Things ‘bumpy’ until Christmas says PM
The PM told BBC’s Andrew Marr, there was “hope” in beating Covid-19 but called on the public to “act fearlessly but with common sense.”
He said the government was taking a “balanced” approach between saving lives and protecting the economy.
His comments come as the UK hits 10,000 new cases for the first time since mass testing started.
The PM said: “The best thing we can do now for all those who have suffered in the course of this pandemic is bring it to an end in the speediest possible way.”
Labour’s shadow health minister criticised the interview as a “wasted opportunity” to set out a “serious strategy to improve public confidence in the government’s handling of this crisis”.
He said: “Instead [the PM] waffled and ducked every question. His serial incompetence is holding Britain back.”
Boris said he took “full responsibility for everything that has happened since the pandemic began”, admitting the Test and Trace system was “not perfect”.
But he said scientific advisers had told him that by spring “things will be radically different and we will be in a different world”.
Is local lockdown working?
When asked about how effective the latest local lockdowns were, the PM said it was “too early to say.”
The prime minister said he understood the “frustrations” of people living in the affected areas, but defended the action, saying: “I’m a freedom-loving Tory. I don’t want to have to impose measures like this, are you crazy?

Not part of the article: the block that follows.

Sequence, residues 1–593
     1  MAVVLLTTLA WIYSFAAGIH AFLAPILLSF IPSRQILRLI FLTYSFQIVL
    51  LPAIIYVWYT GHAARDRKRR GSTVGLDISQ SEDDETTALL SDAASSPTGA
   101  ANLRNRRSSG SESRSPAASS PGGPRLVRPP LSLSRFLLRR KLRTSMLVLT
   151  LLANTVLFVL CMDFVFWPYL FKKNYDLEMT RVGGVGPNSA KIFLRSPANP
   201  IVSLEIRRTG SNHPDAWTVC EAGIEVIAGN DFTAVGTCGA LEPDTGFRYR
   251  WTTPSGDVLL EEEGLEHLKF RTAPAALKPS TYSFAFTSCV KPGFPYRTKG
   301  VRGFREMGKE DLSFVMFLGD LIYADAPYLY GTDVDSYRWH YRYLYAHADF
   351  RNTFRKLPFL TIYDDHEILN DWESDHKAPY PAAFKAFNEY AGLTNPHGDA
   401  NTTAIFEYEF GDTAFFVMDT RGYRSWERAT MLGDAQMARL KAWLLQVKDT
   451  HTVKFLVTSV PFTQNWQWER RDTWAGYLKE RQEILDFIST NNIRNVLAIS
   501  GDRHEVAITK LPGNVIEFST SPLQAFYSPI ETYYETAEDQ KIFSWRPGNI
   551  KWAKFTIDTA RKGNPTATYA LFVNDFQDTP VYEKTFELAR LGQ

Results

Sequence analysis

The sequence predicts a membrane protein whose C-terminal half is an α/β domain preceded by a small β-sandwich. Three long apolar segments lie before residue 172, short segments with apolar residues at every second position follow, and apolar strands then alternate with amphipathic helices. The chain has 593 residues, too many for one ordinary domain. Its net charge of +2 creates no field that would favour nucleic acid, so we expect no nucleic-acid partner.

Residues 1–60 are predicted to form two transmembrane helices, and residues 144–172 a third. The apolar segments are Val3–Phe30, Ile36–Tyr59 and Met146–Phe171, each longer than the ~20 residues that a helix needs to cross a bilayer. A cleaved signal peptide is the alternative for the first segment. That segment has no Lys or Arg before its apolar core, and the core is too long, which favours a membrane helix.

“This is the last thing we want to do. But I also have to save life. And that’s our priority.”
“And I also think, by the way, that’s the priority of the British people and I think they will want to see their government continue to work, continuing to fight the virus and that’s what we’re doing.”
Labour’s Jon Ashworth earlier called for the government to publish guidelines on what criteria they used to impose local lockdowns and to involve local council leaders and health officials.
He said there were questions as to why current areas have extra restrictions, while the constituencies of cabinet ministers with higher case numbers remained unchanged.
“Because there are no clear guidelines as to why an area goes into restrictions, and how an area comes out of restrictions, then there is a suspicion that there is political interference,” he told Andrew Marr.
“I hope there isn’t. But until the government publish clear guidelines, that suspicion will always linger.”
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